Lindsay Ell’s second studio album, heart theory, arrives almost exactly three years after her debut effort, The Project.
Content warning: this article discusses sexual assault.
It’s been a period of substantial personal transformation for the Canadian country-rock artist, and the record plays out accordingly.
In some respects, heart theory hews to the sound of contemporary Nashville – there are anthemic choruses aplenty and a lot of fine guitar work from Ell – but it also spotlights her intimate and often revealing lyrics.
“It was about halfway through writing this record that I was like, you know, I’m writing these songs in order of my process right now of transformation,” Ell says. “As humans, we all go through moments of transformation in our lives where we’re forced to feel every step of that process and every step of growth so we can fully process whatever we’re going through.”
Such moments of transformation can be set-off by things like heartbreak, getting out of a difficult relationship, losing a loved one, losing a job or moving to a new city. Once Ell realised her new songs were charting this journey of transformation, she was able to articulate the record’s conceptual backbone.
“I was like, ‘Wouldn’t it be cool if I finished a record around the seven stages of grief?’ The seven stages of grief is just one of the ways you can talk about the process of moving through these moments of transformation in our lives,” Ell says.
Psychiatrist Elisabeth Kübler-Ross was the first to define the different stages of grief in her nonfiction book On Death and Dying (1969). The list has expanded from Kübler-Ross’ original five to now include seven – shock or disbelief, denial, bargaining, guilt, anger, depression, and acceptance or hope.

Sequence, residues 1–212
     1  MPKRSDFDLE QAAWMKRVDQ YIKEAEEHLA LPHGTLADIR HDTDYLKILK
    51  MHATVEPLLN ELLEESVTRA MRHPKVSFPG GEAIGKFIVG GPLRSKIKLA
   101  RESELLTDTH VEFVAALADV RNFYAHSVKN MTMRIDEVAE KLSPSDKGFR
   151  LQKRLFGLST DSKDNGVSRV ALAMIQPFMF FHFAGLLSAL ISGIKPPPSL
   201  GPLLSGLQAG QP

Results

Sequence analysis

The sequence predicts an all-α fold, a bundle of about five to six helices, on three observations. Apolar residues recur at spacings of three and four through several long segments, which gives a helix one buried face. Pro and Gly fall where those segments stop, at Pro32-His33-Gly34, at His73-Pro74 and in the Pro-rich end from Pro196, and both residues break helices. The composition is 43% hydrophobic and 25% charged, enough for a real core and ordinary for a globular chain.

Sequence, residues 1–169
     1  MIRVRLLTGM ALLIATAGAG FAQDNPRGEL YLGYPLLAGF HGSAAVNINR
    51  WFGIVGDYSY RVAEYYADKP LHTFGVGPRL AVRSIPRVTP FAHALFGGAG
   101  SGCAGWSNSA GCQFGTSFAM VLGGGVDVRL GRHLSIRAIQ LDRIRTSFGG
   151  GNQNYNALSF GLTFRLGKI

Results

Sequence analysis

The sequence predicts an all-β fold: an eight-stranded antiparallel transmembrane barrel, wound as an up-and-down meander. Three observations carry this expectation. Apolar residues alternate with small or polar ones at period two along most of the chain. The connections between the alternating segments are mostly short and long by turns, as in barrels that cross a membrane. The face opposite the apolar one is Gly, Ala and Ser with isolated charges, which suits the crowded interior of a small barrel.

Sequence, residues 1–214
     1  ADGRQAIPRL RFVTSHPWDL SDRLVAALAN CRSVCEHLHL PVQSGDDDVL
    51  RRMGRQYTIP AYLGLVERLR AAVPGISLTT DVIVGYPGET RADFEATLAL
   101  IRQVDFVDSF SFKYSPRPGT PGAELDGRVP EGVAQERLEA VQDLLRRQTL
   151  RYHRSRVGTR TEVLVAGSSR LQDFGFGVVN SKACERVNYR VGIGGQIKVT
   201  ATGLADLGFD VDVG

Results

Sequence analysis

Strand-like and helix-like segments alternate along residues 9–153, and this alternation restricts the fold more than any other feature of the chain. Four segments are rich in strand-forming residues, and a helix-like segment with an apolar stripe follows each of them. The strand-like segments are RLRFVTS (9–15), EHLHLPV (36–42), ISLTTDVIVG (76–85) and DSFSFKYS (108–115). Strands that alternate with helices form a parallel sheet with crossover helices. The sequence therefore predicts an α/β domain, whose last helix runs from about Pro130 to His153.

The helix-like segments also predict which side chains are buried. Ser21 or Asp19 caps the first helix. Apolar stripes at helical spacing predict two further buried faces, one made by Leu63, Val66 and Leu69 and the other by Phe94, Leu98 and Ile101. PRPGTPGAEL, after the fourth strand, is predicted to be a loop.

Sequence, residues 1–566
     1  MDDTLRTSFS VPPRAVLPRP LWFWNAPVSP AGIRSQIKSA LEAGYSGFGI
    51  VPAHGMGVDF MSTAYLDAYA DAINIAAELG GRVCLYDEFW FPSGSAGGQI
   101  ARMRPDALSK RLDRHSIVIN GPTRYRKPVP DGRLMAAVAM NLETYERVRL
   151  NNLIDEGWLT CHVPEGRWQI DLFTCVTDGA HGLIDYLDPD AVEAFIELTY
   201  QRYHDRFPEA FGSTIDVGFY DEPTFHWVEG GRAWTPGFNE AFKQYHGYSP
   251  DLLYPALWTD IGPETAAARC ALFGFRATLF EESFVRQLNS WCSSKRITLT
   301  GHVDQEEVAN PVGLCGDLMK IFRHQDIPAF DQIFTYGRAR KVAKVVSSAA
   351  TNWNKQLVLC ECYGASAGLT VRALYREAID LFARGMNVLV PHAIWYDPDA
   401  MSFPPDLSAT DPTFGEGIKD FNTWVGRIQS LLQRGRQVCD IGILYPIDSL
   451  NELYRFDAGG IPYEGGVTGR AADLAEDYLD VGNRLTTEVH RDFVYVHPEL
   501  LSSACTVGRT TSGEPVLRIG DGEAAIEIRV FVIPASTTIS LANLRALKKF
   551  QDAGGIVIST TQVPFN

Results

“I’m a huge nerd about these kinds of things,” says Ell. “And so I wrote a record and I wanted to keep it in order of stage one starting at track one and then moving through each stage, all the way down to the last stage of grief being acceptance.”
That’s expressed via track 12, ‘ReadY to love’, which Ell describes as capturing the moment where you’re able to “fully look at yourself in the mirror and accept yourself for everything that you are and everything that’s happened to you in your life.”
It’s a hefty task, encapsulating the seven stages of grief within a record of radio-friendly country rock music. To pull it off, Ell knew heart theory would have to be more openly vulnerable than The Project. The most conspicuous example of Ell’s brazen intimacy is the album’s penultimate track ‘make you’, in which she reflects on being raped as a young girl.
While the song doesn’t go into explicit detail about the experience, in a recent People article, Ell explained that she was raped when she was 13 and that it happened again when she was 21.
“It’s always been a part of my story, obviously, and I never really wanted to talk about for it to become a publicity stunt,” she says. “But three years ago I went to a place called Youth For Tomorrow to help them launch their music program.” Youth For Tomorrow is a US-based nonprofit that works with kids aged 12-18 who have been victims of rape and sex trafficking.
“And so I sat in a conference room with 12 little girls and I told them my story, and then they told me their stories. As I talked more, they felt like they could talk more and it was a very powerful moment. You would hear stories, like this 12-year-old girl was sitting beside me and she was like, ‘Lindsay, my parents sold me to a sex trafficking company when I was little.’ Horrific stories that you only think happen in movies.”
Ell left the Youth For Tomorrow campus knowing that she needed to talk about her rape and recognising she was in a unique position to help people who’d been through comparable trauma.
“I truly believe this happens far more in our own community than we really want to admit. And I think that being able to talk about it takes that shame and guilt that you feel as a survivor sometimes and lets you normalise it.”
As well as writing ‘make you’ and going public with the song’s background, Ell has started her own foundation, the Make You Movement.
“I am focusing on disenfranchised youth, specifically survivors of sexual violence and domestic abuse. I really wanted to be able to put my money where my mouth is and show that I want to help kids specifically, but any survivors who are looking for that extra level of healing and that extra level of getting to know themselves and getting to own who they are and claim that with so much pride and brilliance.”
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